By Andrew Buchholtz, Awful Announcing
When Deadspin broke a story about ESPN contributor Sarah Phillips allegedly being involved in Internet scams and perhaps even using a false identity, it sent shockwaves through much of the sports media world, and Phillips lost her job soon after. Further investigation suggests there's a lot more going on here, including Phillips' apparent connections to a series of fake celebrity Twitter accounts, her connection to the shadowy man by the name of Nilesh Prasad, her alleged attempts to purchase others' Twitter accounts and buy followers and the grandiose promises she reportedly made to sell others on working for a sports humour site. It's obviously going to take some time before the full details of Phillips' story come out, but one thing already seems clear; ESPN and other sports media outlets are likely to be more careful with their hiring procedures going forward, and some will undoubtedly argue that all of their hirings should be made face-to-face. Is that entirely necessary, though?
After the first Deadspin story initially came out, an element that seemed to suprise many people was that no one from Bristol had ever met Phillips in person. For some of us, though, that's not all that unusual of a situation. Technology's at a spot where very little business has to be handled on a face-to-face basis, and that leads to an environment where large numbers of us work from home and don't typically interact face-to-face with colleagues or others in the industry. That doesn't mean such interactions aren't a useful thing (and indeed, they're a major selling point of conferences such as Blogs With Balls), just that they aren't necessarily required for a media business. With the vast majority of people, that's not a problem, but some would say it may have provided a way for Phillips to sneak in.
The thing is, though, tricksters and con artists can show up in any forum. Consider Frank Abegnale Jr., the man Catch Me If You Can was based on; he took particular advantage of face-to-face interactions, posing as a pilot, a doctor and a lawyer amongst other professions. On the writing side, there are such people as Jayson Blair and Stephen Glass who created stories out of whole cloth; face-to-face interaction with their employers didn't keep them on the straight and narrow. The moral of the story is that regardless of the profession, the approach, or what's at stake, you're likely to find scammers of one variety or another anywhere, and we've even seen some similar Internet scams out there with people adopting popular personas then begging for help. The Phillips story is just remarkable because she took an unusual tack, and because she wound up working for the Worldwide Leader.
It wouldn't be surprising to see ESPN react dramatically to this. They already ditched Phillips exceptionally quickly, only a few hours after the Deadspin piece broke, and there's a sense that the man who hired her (Lynn Hoppes, famed for some other shenanigans) may be in some trouble himself. However, while Hoppes made an apparently awful decision in hiring Phillips, the process he used wasn't necessarily all that bad. Deadspin's story suggests they talked over e-mail and the phone, which isn't unusual; I've been hired at some notable places long before meeting the bosses face-to-face, and at some others strictly over e-mail. Some organizations, including the Worldwide Leader, may well decide to change their hiring policies over something like this and insist on face-to-face interviews, but it's unclear if that would really fix this; Phillips found a way to convince Hoppes over the web and the phone, so (presuming she actually is the age she claims, or something not far from it) what's to say she wouldn't have been able to do so in person either?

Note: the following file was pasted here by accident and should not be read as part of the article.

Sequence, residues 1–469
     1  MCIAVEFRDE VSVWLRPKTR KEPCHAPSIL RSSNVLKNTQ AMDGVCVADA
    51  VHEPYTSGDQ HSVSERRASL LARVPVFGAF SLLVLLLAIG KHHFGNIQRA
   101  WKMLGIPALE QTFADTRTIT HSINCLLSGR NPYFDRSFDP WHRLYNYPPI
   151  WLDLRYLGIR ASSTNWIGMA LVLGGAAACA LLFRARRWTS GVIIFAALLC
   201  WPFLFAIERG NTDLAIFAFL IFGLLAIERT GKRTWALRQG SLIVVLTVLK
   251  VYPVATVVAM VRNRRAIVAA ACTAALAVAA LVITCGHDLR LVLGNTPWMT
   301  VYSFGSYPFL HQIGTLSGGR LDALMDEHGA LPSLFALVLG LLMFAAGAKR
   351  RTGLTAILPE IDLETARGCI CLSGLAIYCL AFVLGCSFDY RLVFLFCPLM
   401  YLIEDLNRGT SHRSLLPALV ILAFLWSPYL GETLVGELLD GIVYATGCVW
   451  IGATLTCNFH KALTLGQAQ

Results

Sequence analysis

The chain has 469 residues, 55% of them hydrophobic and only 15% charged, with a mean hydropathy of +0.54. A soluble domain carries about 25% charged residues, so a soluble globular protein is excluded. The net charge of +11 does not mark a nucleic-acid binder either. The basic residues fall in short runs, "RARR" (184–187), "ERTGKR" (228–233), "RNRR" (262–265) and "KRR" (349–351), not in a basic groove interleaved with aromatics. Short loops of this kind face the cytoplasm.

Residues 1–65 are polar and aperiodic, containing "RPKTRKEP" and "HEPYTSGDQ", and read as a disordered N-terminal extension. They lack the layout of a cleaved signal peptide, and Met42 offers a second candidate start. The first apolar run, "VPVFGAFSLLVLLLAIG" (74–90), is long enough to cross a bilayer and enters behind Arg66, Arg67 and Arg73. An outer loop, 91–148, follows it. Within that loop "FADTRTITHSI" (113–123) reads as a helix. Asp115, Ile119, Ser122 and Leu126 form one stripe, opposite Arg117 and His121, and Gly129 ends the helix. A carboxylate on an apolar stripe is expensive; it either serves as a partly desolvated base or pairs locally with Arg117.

The key takeaway from Phillips' story is that what's important for media organizations isn't necessarily the specifics of how you meet or hire people, but rather how good of a judge of character your people in charge of hiring are. That's not easy, of course; reading people can be difficult, especially if they happen to be skilled con artists. It's worth noting, though, that even many readers of her old Covers column figured something was up. ESPN and other sports media organizations should be held to a higher standard in hiring if they're to serve their readers instead of bringing in people like Phillips, but don't blame the medium. If Sarah Phillips is in fact a con artist who duped ESPN, readers and others, she didn't get there because of hirings taking place over the phone and the Internet, and she didn't keep her job for months just because of the decentralization of media. She got there because someone made a crucial judgement error, and perhaps failed to do their research. It's much more crucial to reinforce the importance of good judgement and background research than it is to start laying down rules that all hiring decisions should be made in person.